"Bare feet shouldn't fly. Long legs shouldn't spin. Braids shouldn't flap in the wind. 'Sit on the porch and be a lady,' Papa scolded Alice." In Alice's Georgia hometown, there was no track where an African-American girl could practice, so she made her own crossbar with sticks and rags. With the support of her coach, friends, and community, Alice started to win medals. Her dream to compete at the Olympics came true in 1948. This is an inspiring free-verse story of the first African-American woman to win an Olympic gold medal. Photos of Alice Coachman are also included.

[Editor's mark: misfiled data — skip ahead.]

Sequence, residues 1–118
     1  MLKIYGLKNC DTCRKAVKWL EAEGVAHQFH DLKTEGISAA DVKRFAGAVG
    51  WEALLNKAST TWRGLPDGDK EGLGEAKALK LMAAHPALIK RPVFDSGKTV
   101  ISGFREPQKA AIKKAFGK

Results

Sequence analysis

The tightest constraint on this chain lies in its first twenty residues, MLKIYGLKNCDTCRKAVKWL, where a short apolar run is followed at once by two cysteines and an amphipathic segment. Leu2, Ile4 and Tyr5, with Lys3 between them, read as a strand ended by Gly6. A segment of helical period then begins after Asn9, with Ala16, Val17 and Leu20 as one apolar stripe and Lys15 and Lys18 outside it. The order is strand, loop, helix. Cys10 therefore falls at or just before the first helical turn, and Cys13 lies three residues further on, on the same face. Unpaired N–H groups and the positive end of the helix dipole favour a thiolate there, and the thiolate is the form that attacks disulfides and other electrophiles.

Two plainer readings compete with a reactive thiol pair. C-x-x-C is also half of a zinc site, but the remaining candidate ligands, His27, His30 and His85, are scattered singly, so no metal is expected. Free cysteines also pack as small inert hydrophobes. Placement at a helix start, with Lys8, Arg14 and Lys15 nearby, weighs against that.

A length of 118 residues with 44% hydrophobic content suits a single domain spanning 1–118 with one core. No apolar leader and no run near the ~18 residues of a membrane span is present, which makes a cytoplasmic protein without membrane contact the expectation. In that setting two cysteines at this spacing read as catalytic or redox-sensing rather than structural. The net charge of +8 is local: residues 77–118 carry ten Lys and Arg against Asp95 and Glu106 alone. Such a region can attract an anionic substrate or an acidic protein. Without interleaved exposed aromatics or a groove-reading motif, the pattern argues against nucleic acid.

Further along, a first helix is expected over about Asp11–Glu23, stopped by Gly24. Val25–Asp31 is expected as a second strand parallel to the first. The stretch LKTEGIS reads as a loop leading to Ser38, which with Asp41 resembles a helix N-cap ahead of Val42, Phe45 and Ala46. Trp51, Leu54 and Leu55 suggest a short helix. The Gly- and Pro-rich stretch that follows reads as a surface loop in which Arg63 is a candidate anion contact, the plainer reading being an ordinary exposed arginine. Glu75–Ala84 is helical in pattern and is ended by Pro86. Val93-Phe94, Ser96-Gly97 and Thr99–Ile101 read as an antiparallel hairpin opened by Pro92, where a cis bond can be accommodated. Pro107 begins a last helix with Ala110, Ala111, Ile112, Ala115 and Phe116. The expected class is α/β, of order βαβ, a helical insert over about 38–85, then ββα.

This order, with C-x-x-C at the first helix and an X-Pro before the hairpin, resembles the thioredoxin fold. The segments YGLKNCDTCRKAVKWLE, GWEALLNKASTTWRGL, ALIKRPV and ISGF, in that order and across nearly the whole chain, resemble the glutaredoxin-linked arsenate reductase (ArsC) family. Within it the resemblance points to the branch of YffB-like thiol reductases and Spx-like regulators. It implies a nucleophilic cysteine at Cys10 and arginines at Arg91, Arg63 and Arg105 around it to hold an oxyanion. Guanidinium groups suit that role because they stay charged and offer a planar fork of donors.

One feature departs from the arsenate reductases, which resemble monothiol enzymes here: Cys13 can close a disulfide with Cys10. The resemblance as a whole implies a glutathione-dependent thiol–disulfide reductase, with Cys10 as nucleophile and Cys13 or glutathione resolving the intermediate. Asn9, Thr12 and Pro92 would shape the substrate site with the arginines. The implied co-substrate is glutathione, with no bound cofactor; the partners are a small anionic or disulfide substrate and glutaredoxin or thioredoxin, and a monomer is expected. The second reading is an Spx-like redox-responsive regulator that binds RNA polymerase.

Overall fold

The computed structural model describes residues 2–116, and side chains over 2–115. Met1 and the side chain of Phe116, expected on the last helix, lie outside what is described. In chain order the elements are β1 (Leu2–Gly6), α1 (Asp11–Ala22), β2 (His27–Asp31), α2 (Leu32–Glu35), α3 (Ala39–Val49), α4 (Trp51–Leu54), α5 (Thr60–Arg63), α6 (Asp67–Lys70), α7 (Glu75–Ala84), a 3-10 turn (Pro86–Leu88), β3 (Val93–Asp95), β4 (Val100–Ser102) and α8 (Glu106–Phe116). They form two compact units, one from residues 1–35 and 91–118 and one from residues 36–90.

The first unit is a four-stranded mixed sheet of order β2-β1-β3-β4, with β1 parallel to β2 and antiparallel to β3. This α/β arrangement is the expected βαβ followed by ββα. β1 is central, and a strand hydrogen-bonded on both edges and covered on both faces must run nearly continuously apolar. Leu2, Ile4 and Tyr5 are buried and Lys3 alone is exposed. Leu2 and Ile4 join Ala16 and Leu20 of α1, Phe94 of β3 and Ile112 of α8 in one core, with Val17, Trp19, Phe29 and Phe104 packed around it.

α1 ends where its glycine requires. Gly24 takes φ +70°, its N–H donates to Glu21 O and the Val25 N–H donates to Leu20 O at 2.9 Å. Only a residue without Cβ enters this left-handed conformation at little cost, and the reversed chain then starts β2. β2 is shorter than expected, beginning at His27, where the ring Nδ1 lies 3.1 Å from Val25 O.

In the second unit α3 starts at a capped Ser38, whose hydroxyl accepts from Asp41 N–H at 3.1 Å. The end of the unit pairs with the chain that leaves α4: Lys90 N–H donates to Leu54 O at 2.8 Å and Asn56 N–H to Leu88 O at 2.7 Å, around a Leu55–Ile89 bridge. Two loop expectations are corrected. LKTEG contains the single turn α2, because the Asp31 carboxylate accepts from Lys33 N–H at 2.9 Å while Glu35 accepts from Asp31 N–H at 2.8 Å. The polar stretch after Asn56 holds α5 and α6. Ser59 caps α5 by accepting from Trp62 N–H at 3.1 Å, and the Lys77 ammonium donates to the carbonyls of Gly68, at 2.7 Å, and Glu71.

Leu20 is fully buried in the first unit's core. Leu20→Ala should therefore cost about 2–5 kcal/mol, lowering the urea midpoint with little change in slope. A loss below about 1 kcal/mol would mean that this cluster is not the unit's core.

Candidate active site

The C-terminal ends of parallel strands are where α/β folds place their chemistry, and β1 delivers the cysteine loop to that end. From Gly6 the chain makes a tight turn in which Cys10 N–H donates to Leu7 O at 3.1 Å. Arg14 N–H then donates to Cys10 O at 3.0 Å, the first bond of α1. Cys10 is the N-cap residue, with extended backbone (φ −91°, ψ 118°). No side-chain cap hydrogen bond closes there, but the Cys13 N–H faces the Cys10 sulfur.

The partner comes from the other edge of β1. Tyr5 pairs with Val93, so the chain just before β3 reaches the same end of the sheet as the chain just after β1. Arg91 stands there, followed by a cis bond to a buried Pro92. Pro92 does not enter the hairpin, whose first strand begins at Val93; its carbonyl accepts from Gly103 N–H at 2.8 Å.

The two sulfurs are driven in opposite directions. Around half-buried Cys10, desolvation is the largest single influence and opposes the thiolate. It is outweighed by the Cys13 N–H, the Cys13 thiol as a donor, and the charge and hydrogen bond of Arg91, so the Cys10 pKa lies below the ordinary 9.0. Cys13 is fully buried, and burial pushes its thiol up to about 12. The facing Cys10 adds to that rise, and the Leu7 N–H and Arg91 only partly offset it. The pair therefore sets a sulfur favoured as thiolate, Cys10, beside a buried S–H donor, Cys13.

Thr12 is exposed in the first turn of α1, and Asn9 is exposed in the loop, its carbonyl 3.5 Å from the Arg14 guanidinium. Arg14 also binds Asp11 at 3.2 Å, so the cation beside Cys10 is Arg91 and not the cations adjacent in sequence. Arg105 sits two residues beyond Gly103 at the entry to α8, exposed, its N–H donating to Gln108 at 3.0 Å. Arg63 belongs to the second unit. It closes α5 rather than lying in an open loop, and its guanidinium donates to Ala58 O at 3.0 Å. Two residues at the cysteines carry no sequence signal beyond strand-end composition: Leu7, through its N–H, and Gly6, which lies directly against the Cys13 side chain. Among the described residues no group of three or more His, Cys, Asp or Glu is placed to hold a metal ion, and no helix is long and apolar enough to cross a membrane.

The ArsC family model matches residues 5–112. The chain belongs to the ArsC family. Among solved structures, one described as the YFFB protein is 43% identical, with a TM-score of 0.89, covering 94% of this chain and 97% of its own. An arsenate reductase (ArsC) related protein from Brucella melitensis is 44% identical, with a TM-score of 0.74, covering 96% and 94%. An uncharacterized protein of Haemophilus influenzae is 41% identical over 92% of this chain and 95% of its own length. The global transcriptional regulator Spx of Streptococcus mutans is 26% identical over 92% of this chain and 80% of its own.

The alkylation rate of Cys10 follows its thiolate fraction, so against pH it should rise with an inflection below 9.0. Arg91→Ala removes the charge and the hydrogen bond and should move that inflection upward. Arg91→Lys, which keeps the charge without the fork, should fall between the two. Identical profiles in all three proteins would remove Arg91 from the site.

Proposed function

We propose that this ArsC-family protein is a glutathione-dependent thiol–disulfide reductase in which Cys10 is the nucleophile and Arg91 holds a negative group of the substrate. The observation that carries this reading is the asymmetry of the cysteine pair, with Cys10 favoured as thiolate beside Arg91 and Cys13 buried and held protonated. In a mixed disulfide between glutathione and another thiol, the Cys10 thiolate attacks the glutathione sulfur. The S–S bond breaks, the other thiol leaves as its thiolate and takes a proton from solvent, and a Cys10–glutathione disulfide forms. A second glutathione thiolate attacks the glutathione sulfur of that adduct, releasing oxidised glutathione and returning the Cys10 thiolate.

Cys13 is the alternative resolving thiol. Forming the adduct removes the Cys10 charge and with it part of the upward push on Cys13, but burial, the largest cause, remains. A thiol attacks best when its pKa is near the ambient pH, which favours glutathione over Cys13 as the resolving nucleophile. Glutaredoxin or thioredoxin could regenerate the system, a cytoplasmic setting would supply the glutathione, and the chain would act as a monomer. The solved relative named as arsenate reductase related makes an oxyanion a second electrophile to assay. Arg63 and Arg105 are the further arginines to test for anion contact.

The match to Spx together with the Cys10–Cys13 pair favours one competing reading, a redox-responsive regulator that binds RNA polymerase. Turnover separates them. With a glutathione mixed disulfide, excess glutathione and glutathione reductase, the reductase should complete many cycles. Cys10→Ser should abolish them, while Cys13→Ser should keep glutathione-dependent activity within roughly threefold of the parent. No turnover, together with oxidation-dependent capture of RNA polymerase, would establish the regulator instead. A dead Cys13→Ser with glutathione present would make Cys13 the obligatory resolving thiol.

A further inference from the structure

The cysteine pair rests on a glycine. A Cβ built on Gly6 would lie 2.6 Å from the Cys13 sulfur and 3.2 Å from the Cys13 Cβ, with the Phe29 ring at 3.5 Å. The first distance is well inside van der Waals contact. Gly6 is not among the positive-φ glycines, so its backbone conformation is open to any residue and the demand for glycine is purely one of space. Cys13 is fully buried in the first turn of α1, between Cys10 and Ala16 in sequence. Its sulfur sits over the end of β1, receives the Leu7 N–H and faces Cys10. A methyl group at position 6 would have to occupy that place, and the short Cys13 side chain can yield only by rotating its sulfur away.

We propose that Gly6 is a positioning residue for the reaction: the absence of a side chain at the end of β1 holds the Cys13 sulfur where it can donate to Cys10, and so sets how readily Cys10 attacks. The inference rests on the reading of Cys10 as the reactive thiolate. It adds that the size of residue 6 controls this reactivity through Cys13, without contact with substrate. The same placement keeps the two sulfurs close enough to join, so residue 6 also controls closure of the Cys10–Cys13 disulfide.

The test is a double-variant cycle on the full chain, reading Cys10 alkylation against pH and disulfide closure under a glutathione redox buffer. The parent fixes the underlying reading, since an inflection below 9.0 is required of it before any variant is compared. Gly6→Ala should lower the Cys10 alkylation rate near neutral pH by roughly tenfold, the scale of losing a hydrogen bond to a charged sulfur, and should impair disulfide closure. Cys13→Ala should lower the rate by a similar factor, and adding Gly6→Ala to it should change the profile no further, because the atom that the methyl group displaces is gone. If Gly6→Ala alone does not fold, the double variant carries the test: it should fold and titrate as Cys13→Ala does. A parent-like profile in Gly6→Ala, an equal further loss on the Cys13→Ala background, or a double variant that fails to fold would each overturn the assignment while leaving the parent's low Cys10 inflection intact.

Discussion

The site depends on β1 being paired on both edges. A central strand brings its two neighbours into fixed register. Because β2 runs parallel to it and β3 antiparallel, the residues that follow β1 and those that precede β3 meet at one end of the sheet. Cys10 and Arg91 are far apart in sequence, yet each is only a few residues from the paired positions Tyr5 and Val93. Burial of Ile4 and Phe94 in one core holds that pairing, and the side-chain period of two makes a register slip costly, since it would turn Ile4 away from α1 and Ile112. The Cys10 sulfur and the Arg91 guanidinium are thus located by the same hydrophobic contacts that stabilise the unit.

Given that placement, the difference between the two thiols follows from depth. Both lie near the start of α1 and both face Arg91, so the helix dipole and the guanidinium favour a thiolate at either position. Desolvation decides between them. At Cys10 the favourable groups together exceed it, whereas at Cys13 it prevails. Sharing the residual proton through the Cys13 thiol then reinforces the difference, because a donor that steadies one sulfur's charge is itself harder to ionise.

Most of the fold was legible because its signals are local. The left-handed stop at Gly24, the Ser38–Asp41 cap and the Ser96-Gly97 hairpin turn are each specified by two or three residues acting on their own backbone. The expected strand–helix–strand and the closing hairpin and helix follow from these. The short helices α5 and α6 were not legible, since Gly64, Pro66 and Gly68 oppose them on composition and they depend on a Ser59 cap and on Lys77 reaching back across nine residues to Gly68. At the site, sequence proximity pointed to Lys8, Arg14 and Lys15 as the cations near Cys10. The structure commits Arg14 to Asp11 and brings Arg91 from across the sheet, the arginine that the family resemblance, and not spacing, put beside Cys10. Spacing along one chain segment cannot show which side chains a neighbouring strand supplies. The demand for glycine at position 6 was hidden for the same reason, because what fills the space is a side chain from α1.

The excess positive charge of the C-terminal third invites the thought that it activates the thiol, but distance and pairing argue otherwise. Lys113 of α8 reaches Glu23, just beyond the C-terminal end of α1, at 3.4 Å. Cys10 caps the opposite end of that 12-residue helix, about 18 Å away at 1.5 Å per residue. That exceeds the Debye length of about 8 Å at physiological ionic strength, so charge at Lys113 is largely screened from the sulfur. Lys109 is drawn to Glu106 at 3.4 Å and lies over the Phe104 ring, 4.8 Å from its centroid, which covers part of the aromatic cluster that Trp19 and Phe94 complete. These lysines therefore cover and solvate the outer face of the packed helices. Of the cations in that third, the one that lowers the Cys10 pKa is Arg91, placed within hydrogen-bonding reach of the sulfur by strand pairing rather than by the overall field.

About the Author
Even as a child, Ann Malaspina liked to write stories. Ann has written numerous books for young people including Finding Lincoln and Phillis Sings Out Freedom. Ann lives in New Jersey with her husband and two sons. www.annmalaspina.com Eric Velasquez, the son of Afro-Puerto Rican parents, was born in Spanish Harlem and grew up in Harlem in New York City. As a child, his love for doodling and drawing was strongly encouraged by his mother. From his grandmother he inherited a love of music and from his father he developed a love of movies. Growing up in this setting, Eric says, "Becoming an artist was a natural choice for me. I have never thought of being anything else." http://www.ericvelasquez.com/